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Atlantic Coast Pipeline Wins Key NC Water Permit

Map shows the Atlantic Coast Pipeline's proposed route through eastern North Carolina. It will orginate in West Virginia and run through Virginia as well.
Atlantic Coast Pipeline

Updated 6:35 p.m.
North Carolina environmental regulators have issued a key water permit for the Atlantic Coast Pipeline. It's one of the last permits needed before construction begins in the state.

Virginia-based Dominion Energy is leading development of the 600-mile pipeline, which will carry gas from fracking wells in West Virginia into Virginia and North Carolina. Duke Energy is a co-owner of the $5 billion project.

The state Department of Environmental Quality says the water quality certification comes comes with several requirements. Those include monitoring and protecting waterways, sending the pipeline under the Neuse River bed, instead of resting on the river bottom, testing private wells near the pipeline – both before and after construction. 

"DEQ left no stone unturned in our exhaustive eight month review of every aspect of the 401 application,” DEQ Secretary Michael Regan said in a statement Friday. “Our job doesn’t end with the granting of the permit but continues as we hold the company accountable to live up to its commitments.”

In a statement, Atlantic Coast Pipeline spokesman Aaron Ruby said the permit is one of the final approvals needed before pre-construction activities can begin in the state. 

"After more than three years of comprehensive study, representing the most thorough environmental review of any infrastructure project in state history, the agency concluded that the project will preserve North Carolina’s water quality under stringent state standards," he said.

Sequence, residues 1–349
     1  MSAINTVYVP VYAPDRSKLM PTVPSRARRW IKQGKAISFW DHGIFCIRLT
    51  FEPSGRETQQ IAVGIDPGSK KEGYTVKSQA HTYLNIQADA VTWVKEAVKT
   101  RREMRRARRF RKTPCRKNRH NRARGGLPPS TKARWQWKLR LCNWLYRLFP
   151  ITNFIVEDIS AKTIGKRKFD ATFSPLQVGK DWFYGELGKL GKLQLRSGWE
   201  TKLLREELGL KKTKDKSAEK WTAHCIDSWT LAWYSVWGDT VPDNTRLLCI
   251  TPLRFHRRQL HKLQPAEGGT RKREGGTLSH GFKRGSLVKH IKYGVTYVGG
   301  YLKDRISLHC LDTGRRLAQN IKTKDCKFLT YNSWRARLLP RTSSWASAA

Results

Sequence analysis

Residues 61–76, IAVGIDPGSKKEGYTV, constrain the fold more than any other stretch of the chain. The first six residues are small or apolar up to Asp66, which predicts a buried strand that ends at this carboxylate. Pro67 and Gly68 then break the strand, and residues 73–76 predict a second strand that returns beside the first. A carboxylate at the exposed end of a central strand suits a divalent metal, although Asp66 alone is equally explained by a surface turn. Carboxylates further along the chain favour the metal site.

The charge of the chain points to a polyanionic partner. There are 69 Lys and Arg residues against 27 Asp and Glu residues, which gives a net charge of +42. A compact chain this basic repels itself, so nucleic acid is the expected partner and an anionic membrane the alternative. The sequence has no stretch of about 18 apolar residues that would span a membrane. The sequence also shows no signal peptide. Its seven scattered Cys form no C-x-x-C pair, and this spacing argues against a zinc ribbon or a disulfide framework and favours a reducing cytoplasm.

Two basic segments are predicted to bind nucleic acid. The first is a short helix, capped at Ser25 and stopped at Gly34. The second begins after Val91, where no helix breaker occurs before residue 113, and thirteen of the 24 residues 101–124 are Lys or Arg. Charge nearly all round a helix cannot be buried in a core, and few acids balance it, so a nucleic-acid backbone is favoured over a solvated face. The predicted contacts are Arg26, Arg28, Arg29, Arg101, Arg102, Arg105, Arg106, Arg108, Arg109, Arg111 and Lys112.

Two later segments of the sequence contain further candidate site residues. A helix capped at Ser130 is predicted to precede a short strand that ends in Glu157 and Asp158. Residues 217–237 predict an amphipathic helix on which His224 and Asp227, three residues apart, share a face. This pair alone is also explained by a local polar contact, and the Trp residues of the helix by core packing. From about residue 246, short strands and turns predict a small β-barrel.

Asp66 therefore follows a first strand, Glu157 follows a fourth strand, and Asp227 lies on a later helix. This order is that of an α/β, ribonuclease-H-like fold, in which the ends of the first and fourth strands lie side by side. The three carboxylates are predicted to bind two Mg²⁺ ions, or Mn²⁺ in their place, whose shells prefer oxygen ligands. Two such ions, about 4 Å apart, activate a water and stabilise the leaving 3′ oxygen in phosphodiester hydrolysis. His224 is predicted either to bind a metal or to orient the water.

Also today from West Virginia environmental regulators approved a construction stormwater permit.

Dominion is still waiting for an air quality permit for a compressor station in Northampton County, and several stormwater permits in Nash and Cumberland counties. The pipeline's northern North Carolina segment also needs approval for an erosion and sediment control plan, according to DEQ.

The pipeline also is awaiting a federal water quality permit from the U.S. Army Corps of Engineers, and a Virginia erosion and sediment control permit.  Once all those permits are in hand, the project will get construction approval from the Federal Energy Regulatory Commission. 

A Dominion spokesman said the company expects to have all the approvals in time to to start construction in early spring. The pipeline would begin service in late 2019, he said. 

Also Friday, Gov. Roy Cooper announced that Dominion, Duke and the pipeline would contribute $57.8 million to a fund for environmental mitigation initiatives. Those are to include "reducing the carbon footprint and expansion of renewable energy sources. Funds can also be used to ensure that local communities benefit economically from the pipeline by having have access to natural gas from the pipeline." No further details were announced.

Opponents of the pipeline criticized the permit approval. Jim Warren of NCWARN called the project "a loser" for North Carolinians.  In a statement, he said:

"The ACP may well be stopped in the courts or on the ground, but Duke and Dominion keep wasting billions of dollars and precious years going in exactly the wrong direction – at a time when global heat and climate disruption are accelerating beyond predictions and when cheaper, cleaner energy technologies are outpacing dirty fuel in non-monopoly markets both in terms of cost and job creation."

Amy Adams, a former North Carolina water quality regulator now working with the environmental group Appalachian Voices, said: “It will be impossible for the agency to do all of the monitoring and enforcement to prevent widespread damage”


See the certification document on the DEQ website.

David Boraks is a veteran journalist who covers climate change for WFAE. See more at www.wfae.org/climate-news. He also has covered housing and homelessness, energy and the environment, transportation and business.